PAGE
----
Directors: Stephan Fjeldmark, Michael Hegner, Greg Manwaring.
Possibly the most straightforward title for an animated feature we'll ever see.
I saw parts of this on TV a month ago, and didn't think much of it. Though I felt I had to give it a second chance, and review the DVD (because the name kept haunting me).
First things first, Help! Is a Danish 2D animated feature. The US/UK cut is the usual redub of Canadian/American/British voice talent to rope the audiences in. This last fact alarmed me when I saw the name 'Alan Rickman' on it. Anything with Rickman means he will have the most screen time because he has..... to..... annunciate.... every.... last.... word.The Plot
Three children, Fly (the cool kid), Stella (his younger sister) and cousin Chuck (fat nerd without the comedy aspect) go fishing and accidentally discover the labs of eccentric professor MacKrill. He shows them a potion to turn people into fish, and how to make an antidote (which must be taken within 48 hours). After a set of 'bizarre and wacky circumstances', they all end up as fish (a flyfish, starfish and jellyfish respectively), set loose into the ocean. There they must deal with finding the antidote and a troublesome fishy dictatorship.The Look
The only thing people ever wanted to mention about this film when I asked was: 'It has a very nice intro.' They weren't kidding. A fantastic series of shots passing through some brilliantly rendered marine life. It's almost a shame it's the best part of the film, because the spectacular toonshading on the fish should have set the standard for the rest of the CG fish in the film. Alas, after the intro all of the non-effects computer animation is sub-par.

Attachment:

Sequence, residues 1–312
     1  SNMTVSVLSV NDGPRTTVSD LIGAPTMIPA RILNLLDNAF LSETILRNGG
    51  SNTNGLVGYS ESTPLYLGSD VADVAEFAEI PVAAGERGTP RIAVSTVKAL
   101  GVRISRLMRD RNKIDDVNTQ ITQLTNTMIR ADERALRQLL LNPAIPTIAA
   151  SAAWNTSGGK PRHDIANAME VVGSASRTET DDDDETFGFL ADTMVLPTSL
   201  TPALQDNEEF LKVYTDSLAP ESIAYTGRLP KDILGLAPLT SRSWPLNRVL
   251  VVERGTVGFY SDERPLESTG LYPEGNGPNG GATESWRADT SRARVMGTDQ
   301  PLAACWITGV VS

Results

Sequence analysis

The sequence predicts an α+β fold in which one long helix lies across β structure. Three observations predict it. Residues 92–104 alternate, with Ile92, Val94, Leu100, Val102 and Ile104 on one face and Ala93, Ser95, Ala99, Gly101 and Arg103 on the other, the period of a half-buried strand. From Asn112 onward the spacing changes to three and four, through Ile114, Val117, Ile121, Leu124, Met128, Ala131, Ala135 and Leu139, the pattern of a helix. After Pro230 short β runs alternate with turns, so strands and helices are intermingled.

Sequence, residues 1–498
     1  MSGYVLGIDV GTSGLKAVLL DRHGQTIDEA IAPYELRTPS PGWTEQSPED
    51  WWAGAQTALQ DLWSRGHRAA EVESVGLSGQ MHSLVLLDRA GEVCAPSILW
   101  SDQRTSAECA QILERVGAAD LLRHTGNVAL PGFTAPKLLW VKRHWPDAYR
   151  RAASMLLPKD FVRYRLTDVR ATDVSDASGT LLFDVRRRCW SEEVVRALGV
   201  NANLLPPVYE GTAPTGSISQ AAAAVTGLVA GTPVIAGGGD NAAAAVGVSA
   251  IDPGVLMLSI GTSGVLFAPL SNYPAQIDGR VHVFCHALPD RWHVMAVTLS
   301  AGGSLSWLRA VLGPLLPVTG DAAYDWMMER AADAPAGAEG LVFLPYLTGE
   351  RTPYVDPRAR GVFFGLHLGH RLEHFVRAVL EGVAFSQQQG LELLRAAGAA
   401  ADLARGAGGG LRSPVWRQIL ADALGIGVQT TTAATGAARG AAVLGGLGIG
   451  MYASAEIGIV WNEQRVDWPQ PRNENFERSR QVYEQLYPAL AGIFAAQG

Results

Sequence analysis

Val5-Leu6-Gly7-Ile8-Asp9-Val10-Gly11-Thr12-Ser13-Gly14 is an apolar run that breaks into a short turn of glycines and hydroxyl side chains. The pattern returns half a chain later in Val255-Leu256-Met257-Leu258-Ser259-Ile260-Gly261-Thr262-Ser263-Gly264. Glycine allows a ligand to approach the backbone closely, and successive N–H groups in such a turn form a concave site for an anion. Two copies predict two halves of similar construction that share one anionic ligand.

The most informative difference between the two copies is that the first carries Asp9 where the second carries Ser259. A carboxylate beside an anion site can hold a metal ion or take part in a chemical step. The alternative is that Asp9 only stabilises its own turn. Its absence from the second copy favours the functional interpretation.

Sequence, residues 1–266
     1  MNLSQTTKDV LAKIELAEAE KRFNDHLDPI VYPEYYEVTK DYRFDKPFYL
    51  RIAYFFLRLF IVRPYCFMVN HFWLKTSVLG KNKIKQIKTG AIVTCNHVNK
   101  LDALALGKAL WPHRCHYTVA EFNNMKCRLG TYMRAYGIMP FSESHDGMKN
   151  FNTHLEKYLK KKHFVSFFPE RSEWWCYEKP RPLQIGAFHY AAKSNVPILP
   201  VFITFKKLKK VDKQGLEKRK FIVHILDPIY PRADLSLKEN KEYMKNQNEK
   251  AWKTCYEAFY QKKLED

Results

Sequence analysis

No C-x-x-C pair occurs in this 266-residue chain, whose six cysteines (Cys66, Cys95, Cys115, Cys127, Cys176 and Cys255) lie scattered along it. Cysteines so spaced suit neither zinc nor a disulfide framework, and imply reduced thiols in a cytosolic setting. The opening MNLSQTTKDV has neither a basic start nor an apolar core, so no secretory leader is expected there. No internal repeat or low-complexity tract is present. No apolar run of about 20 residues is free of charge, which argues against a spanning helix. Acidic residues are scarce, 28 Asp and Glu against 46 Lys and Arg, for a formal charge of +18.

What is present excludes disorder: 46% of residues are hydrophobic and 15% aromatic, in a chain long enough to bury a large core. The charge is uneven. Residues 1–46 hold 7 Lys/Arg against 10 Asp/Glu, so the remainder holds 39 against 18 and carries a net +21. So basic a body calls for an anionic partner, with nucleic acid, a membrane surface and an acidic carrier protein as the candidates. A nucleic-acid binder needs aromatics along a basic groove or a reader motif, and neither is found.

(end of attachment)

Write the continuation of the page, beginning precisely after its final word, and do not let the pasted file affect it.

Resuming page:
It goes from this:
The 2D animation is one of the strong points for the feature. The characters are interesting to look at, and are drawn so that they have soft body mass, instead of rock-hard anime standing still bodies. The timing ranges from pretty snappy to quick & smooth, which keeps interest going. Luckily no sign of human character rotoscoping, so it all looks fluid on either ones or twos.
Colour design is fun and appropriate for all settings, which is also helped by some creative camera angles and lens-emulation.The Script and Sound
The film runs a little short at 78 minutes. Seeing as the plot isn't very complex, it doesn't require much time to set up. The script is fairly competant for such a short film, so no worries with dialogue really. However, there are some mind-blowingly large gaps in plot, such as how Joe (the dictator) managed to set up an underground lair, army, and transportation system in less than a day (in a film set around 48 hours). Though these things will fly over the kids' heads, so I guess they could justify letting that chunk slip.
It does seem odd that all-American children seem to have Canadian parents, but most Europeans can't tell the difference.
If you can withstand the style of European pop music, then this film is for you. There's plenty of it. I guess we should be lucky, as they didn't re-write the music with some even worse American/Brtish pop teams.Overall
Despite running short and just not being as good after the intro, it's still a fairly entertaining watch. In this case, less film equals more animation. This one's more for kids and marine life enthusiasts. I give it a B- because of how good that intro is.